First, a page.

The health and mental benefits of physical activity including participating in sports remains undeniable. The Centers for Disease Control and Prevention (CDC) strongly encourages parents to keep children and adolescents active. According to the CDC such involvement reduces obesity, type 2 Diabetes, the risk of cancer, and cardiovascular disease. Studies confirm the benefit of physical activity with less depression and anxiety often yielding better results than medication.

The Positive Coaching Alliance (PCA) reports coaches and parents believe the life lessons gained through sports prepares young people for the reality of adult life. Life lessons include teamwork, respect for authority, confidence, motivation, communication skills, hard work, resilience, goal setting, follow-through, focus, leadership, and others.

Staying in sports pays off later when looking for a job. Many corporate recruiters seek candidates who have athletic experience knowing they are more likely to have the skill set to perform well. Athletes embody the physical capacity to work and not get sick. They often contain the mental and emotional capacity to function in a fast-pace, high learning curve, team culture.

What can we do to make it worth it?

Reducing serious injuries including brain damage without removing young people from participating in sports appears to be one challenge before our athletic culture. Youth organizations similar to the NCAA and NFL have limited full-contact practices and changed game-time rules to better protect players.

As parents, make sure proper coaching certification is in place. Look for coaches associated with USA Football, a national organization certifying coaches and the only football coaching program certified by the National Council for Accreditation of Coaching Education (NCACE). Their system comprises specific drills and techniques to help athletes grow and improve in stages. The goal is to develop a better athlete not just a better football player. Find football programs teaching heads up tackling or rugby style tackling. The head should not be used as a means for pushing through a pile of players.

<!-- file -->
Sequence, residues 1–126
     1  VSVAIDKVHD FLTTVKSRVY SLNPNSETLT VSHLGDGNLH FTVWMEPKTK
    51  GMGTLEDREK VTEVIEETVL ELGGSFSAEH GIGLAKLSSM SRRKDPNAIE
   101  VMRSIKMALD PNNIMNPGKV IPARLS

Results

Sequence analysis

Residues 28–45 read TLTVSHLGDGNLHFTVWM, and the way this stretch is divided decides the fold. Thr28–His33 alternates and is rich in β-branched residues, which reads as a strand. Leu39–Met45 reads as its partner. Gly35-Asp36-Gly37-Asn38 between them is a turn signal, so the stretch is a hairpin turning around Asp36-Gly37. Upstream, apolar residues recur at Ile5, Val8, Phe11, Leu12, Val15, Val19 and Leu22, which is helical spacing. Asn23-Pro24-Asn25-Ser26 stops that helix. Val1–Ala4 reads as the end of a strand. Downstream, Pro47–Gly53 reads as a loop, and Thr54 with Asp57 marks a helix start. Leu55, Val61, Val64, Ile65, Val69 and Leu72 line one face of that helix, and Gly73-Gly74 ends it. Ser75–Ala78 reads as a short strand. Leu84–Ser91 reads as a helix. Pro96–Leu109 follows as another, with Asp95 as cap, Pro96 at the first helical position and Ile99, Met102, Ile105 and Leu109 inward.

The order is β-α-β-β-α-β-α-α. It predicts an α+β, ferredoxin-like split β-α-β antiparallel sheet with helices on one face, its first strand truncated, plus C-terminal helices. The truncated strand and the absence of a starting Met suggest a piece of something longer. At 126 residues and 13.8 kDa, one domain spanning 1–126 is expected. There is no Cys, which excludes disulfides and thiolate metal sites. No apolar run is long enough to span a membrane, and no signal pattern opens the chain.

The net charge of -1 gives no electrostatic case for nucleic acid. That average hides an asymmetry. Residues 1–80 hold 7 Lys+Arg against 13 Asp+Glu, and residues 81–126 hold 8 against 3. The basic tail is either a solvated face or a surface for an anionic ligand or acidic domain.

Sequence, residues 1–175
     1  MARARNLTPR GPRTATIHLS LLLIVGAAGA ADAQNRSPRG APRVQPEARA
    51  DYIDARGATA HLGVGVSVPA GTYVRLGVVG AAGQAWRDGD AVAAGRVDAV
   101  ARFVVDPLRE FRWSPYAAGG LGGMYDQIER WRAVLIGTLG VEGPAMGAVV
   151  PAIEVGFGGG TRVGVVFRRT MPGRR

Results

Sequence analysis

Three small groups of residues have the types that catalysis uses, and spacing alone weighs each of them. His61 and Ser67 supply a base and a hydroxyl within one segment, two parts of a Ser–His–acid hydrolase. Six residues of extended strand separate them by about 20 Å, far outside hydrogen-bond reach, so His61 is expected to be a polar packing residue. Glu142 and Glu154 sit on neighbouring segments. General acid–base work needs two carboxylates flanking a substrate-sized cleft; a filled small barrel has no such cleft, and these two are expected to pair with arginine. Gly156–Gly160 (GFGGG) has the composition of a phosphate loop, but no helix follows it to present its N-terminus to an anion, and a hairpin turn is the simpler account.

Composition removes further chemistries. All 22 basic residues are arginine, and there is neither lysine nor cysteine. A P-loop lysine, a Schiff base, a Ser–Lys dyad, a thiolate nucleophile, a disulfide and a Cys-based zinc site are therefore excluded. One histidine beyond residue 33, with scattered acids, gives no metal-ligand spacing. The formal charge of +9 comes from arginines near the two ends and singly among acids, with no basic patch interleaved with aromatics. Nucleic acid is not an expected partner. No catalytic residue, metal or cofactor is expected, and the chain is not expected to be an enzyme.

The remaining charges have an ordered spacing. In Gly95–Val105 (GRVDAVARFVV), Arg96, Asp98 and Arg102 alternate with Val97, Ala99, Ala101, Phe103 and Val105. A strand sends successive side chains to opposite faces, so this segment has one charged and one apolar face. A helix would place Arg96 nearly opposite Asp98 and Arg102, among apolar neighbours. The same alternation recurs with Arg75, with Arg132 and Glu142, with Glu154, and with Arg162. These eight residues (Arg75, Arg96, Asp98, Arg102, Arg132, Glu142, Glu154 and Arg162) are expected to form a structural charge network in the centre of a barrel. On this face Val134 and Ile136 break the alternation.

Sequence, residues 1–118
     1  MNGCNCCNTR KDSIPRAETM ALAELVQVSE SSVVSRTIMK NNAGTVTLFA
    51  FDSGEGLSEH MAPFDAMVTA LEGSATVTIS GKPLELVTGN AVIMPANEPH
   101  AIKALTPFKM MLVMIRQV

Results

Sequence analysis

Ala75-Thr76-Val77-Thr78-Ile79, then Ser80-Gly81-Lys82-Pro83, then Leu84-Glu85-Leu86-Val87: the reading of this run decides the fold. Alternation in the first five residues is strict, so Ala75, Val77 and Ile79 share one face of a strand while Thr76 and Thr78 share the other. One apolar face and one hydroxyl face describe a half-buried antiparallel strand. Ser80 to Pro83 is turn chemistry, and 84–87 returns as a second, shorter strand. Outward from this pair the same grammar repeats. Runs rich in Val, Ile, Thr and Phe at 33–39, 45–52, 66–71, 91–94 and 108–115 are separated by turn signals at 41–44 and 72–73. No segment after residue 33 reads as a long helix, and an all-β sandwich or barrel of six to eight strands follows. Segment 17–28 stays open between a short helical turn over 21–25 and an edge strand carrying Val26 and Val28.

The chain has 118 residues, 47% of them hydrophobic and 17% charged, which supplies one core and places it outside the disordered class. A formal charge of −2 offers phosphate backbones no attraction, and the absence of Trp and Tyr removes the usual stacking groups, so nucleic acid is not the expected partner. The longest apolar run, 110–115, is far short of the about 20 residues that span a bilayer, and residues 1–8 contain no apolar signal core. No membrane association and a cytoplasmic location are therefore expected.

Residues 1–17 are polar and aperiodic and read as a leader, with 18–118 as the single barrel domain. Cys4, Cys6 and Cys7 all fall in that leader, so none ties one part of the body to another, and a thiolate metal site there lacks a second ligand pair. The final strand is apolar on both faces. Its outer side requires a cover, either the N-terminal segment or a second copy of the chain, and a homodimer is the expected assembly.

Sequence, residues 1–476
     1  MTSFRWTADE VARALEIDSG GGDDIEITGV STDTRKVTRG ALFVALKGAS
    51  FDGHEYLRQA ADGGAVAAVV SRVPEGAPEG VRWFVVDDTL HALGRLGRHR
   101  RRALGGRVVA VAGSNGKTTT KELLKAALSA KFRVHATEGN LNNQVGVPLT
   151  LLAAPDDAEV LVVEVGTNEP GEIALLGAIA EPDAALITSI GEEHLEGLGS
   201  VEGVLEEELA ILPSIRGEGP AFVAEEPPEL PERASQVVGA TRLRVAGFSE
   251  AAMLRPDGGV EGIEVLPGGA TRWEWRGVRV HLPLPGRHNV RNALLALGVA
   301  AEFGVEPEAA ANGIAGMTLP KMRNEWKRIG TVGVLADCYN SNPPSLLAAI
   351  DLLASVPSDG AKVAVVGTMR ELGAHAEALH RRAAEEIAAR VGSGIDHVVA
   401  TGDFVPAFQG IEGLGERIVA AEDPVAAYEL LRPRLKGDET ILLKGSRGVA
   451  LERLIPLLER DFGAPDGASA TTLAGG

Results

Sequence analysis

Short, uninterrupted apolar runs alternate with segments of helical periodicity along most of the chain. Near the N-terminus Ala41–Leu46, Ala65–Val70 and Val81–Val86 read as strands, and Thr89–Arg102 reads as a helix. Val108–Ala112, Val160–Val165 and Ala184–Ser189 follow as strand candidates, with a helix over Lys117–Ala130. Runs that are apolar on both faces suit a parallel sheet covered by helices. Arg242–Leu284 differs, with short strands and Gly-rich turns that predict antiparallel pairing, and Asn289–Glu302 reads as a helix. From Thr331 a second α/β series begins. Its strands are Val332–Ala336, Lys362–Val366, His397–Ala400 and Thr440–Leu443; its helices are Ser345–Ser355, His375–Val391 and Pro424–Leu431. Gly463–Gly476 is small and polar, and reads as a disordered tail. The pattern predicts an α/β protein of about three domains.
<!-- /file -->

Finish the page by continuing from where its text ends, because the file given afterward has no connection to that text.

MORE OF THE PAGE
Likewise, commit to programs and schools which actively train coaches, officials, athletes, and parents in the life skills and the mental health aspect of sports. PCA, noted above and Safe Sport have certified thousands nationwide through live workshops, online courses, and books. These organizations assist with improving leaders, coaches, athletes, and parents with hands-on instruction in their respective roles. In addition, seek teams and leagues which follow proper safety procedures and the handling of injuries when they do happen.

Technology also continues to contribute to improvement. Some helmets now on the market contain a chemical strip that lights up if a hit is sustained hard enough to result in a concussion. It improves the ability to recognize if brain damage has occurred and decreases the athlete or coach dismissal a concussion has happened.

What’s the bottom line?

Ultimately, parents and athletes must decide if the risk of violent sports like football, hockey, cheer, and soccer where the head is primarily impacted remains worth it. Proper training both physically and mentally improves chances of keeping the beneficial aspects of participation while limiting the dangers such as brain damage. Changing sports to less violent options remains a choice in protecting the brain as does playing multiple sports rather than continuing all year training in a fierce game like football or soccer. Regardless, discuss the matter and find a balance that works in keeping both physically and mentally fit.

Kip Rodgers, LPC-S